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Track(s) taken from CDA67976

O Doctor optime

January to February 2003; Brockley; SSATB
author of text
Magnificat Antiphon at First and Second Vespers, Feast of St Thomas Aquinas

The State Choir Latvija, Māris Sirmais (conductor)
Recording details: March 2010
St John's Church, Riga, Latvia
Produced by Normunds Slava
Engineered by Aivars Stengelis & Normunds Slava
Release date: January 2013
Total duration: 3 minutes 52 seconds

Cover artwork: Moonlight Departure (1998) by Richard Crichton (b1935)
Private Collection / Lauraine Diggins Fine Art, Australia / Bridgeman Art Library, London


'Unquestionably the State Choir Latvia is a magnificent body of singers. They encompass a vast dynamic range and deliver words and music with impeccable precision and clarity … they thrill with their rhythmically compelling opening unisons, entice with their delicate chording … and soothe with their lilting harmonic underlay' (Gramophone)

'In The Voice of the Bard, which opens this Gabriel Jackson collection, the State Choir Latvija manages both a bristling ardour in its delivery of the text and a virtuoso response to the vocal demands of the setting … Jackson's long, soothingly lyrical arcs of melody are sensually shaped and executed with impressive corporate unanimity … an incandescent performance of the 40-part motet Sanctum est verum lumen sets the seal on this magnificent demonstration of the art of choral singing' (BBC Music Magazine)

'This disc is, quite simply, full of marvels … any listener will surely react with awe to the sheer splendour and choral daring, both from the composer and from the fabulous choir' (International Record Review)

'All the music is full of interest and is written with what we’ve come to expect from this composer; namely a highly imaginative ear for choral texture, great empathy for the human voice and tremendous responsiveness to texts. It’s hard—nay, impossible—to imagine these pieces receiving finer advocacy than they receive from the superb Latvian choir, who give one of the most memorable exhibitions of unaccompanied choral singing that I’ve heard for some time. If you factor in also that the recorded sound is splendid and the documentation up to Hyperion’s usual excellent standards then this disc can only be regarded as a pretty compelling proposition' (MusicWeb International)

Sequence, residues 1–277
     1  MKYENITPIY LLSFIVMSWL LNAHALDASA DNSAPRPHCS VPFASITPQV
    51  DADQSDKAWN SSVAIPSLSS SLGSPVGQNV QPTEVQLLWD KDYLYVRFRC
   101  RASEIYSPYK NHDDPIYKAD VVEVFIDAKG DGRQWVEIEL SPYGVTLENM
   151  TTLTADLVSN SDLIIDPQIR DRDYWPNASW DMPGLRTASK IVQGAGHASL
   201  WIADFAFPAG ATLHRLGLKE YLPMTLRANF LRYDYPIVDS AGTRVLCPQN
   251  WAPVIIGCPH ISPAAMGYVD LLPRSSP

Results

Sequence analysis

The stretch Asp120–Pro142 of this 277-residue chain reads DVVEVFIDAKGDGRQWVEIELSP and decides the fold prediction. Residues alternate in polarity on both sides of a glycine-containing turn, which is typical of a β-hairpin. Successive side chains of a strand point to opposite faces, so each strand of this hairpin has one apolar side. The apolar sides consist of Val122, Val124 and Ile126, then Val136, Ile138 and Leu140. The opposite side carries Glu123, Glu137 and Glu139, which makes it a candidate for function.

The names of four ‘doctors’ of the Western Church, founding fathers of doctrinal thinking, emerged in the early Middle Ages: St Ambrose, St Augustine, St Gregory the Great and St Jerome. Their company has been enlarged over the centuries by the addition of other ecclesiastical authors and pre-eminent theologians, from St Thomas Aquinas during the time of the Council of Trent to St Thérèse of Lisieux in the late 1990s. The Roman Catholic liturgy includes an Office of Doctors, complete with the antiphon to the Magnificat at Vespers, O Doctor optime. The antiphon’s text can be emended to carry the name of any given Doctor of the Church. Jackson’s O Doctor optime enlists and adapts aspects of medieval practice, a tenor cantus firmus carrying the Gregorian plainsong appropriate to the Office prominent among them. Silence introduces richer, deeper textures, supported by five homophonic voice parts that chart the ebb and flow of a heartfelt plea to God’s son.

from notes by Andrew Stewart © 2013

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